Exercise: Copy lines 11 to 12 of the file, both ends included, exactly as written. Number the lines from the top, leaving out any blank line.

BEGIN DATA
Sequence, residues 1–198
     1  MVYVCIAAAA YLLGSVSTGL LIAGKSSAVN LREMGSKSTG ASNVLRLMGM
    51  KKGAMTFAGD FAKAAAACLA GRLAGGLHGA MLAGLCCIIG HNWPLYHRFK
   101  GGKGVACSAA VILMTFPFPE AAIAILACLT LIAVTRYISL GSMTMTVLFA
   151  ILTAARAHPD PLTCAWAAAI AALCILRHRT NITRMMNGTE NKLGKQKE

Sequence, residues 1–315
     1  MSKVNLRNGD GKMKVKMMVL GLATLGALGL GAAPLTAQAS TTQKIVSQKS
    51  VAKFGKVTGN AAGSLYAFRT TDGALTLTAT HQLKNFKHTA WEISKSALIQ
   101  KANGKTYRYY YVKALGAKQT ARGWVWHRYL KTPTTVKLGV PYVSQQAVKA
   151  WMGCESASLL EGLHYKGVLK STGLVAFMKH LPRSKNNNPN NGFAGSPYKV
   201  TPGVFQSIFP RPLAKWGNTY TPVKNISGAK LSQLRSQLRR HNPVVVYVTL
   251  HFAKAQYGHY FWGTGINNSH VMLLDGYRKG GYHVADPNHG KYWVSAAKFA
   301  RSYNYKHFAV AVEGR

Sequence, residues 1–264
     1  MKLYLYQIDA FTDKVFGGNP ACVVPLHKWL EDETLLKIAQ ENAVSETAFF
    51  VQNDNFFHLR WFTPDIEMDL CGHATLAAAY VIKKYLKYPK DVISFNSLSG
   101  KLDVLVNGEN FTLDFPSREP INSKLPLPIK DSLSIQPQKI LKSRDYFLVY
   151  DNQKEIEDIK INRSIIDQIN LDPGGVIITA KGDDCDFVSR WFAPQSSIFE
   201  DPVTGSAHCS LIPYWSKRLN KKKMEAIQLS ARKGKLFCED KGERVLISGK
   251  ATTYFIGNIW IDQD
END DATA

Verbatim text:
   201  TPGVFQSIFP RPLAKWGNTY TPVKNISGAK LSQLRSQLRR HNPVVVYVTL
   251  HFAKAQYGHY FWGTGINNSH VMLLDGYRKG GYHVADPNHG KYWVSAAKFA